The beginning of Art: Visual arts history

Expressing oneself through art seems a universal human impulse, while the style of that expression is one of the distinguishing marks of a culture. As difficult as it to define, art typically involves a skilled, imaginative creator, whose creation is pleasing to the senses and often symbolically significant or useful. Art can be verbal, as in poetry, storytelling or literature or can take the form of music and dance. The oldest stories, passed down orally may be lost to us now, but thanks to writing, tales such as the epic of Gilgamesh or the Lliad entered the record and still hold meaning today. Visual art dates back 30,000 years, when Paleolithic humans decorated themselves with beads and shells. Then as now, skilled artisans often mixed aesthetic effect with symbolic meaning.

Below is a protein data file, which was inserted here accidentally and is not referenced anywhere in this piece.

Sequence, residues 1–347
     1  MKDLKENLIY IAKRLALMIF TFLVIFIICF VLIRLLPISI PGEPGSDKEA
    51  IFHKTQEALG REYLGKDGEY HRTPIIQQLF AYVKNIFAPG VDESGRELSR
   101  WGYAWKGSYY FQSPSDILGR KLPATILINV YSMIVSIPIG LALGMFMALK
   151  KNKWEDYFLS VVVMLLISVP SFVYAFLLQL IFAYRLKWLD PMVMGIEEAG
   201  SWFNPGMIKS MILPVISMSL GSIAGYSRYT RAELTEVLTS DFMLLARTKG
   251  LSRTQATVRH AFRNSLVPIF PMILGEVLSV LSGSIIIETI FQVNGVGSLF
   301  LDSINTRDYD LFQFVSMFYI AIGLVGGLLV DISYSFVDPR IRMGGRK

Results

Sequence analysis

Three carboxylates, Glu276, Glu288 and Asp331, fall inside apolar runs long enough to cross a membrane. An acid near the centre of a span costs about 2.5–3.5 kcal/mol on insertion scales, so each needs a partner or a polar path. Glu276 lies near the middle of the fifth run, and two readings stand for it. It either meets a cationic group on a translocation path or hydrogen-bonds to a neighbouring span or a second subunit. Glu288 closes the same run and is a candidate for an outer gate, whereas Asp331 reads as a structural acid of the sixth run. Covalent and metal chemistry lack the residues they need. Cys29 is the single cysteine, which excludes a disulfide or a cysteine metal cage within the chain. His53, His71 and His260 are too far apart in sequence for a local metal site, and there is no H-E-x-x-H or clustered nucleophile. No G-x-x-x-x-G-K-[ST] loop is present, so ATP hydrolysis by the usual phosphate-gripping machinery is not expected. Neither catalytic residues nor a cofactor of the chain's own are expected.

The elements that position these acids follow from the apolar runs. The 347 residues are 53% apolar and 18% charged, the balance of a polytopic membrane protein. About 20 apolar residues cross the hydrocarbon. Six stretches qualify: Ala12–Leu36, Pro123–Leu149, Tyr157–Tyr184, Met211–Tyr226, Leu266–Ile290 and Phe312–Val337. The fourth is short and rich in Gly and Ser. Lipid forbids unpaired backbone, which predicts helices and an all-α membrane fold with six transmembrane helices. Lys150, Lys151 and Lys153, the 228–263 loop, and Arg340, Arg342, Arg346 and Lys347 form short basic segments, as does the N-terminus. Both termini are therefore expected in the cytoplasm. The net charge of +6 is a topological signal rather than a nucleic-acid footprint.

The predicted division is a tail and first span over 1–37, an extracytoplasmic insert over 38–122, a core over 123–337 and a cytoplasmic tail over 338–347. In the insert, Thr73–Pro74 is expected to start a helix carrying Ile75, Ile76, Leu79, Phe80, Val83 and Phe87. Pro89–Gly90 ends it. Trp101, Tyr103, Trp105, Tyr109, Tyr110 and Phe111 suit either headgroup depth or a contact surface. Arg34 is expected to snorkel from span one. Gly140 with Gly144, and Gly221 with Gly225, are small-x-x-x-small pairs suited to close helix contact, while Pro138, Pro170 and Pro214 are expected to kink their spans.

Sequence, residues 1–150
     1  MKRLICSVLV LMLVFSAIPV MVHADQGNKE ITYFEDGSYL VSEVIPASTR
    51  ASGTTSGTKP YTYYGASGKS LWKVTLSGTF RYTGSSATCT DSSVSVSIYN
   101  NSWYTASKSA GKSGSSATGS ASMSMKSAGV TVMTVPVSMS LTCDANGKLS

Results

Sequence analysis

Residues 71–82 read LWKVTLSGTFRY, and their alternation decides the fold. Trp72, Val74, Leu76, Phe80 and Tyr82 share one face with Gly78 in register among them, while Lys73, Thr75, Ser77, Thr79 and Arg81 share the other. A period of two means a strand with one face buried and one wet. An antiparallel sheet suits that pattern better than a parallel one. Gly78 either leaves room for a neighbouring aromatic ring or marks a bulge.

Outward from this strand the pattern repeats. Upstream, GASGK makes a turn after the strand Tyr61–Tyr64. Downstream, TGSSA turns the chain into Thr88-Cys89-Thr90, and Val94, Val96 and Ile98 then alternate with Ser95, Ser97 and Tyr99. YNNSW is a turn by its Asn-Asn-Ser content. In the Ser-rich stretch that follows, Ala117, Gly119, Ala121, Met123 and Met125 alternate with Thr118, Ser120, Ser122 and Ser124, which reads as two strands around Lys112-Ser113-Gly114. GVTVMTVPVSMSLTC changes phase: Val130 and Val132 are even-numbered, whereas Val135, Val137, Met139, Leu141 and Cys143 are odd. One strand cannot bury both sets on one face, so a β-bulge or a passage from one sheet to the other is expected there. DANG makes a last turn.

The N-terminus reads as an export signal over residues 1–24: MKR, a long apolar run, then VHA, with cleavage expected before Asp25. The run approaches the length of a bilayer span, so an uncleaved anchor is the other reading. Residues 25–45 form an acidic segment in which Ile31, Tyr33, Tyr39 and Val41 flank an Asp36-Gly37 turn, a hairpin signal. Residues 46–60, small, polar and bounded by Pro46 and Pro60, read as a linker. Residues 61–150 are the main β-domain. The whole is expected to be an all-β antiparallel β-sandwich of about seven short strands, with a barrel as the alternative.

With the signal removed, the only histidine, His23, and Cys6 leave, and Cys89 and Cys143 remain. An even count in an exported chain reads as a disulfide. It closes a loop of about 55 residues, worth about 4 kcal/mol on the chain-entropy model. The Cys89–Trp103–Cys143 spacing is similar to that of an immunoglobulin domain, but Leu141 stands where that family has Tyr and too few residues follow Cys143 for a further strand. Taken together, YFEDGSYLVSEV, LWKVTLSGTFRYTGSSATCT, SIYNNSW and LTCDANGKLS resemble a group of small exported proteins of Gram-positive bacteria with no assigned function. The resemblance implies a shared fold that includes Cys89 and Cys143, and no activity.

In an existence that centered on hunting, ancient Australians carved animal and bird tracks into their rocks. Early cave artists in Lascaux, France, painted or engraved more than 2,000 real and mythical animals. Ancient Africans created stirring masks, highly stylized depictions of animals and spirits that allow the wearer to embody the spiritual power of those beings. Even when creating tools or kitchen items, people seem unable to resist decorating or shaping them for beauty. Ancient hunters carved the ivory handles of their knives. Ming dynasty ceramists embellished plates with graceful dragons. Modern pueblo Indians incorporates traditional motifs in to their carved and painted pots. The western fine arts tradition values beauty and message. Once heavily influenced by Christianity and classical mythology, painting and sculptures has more recently moved toward personal expression and abstraction.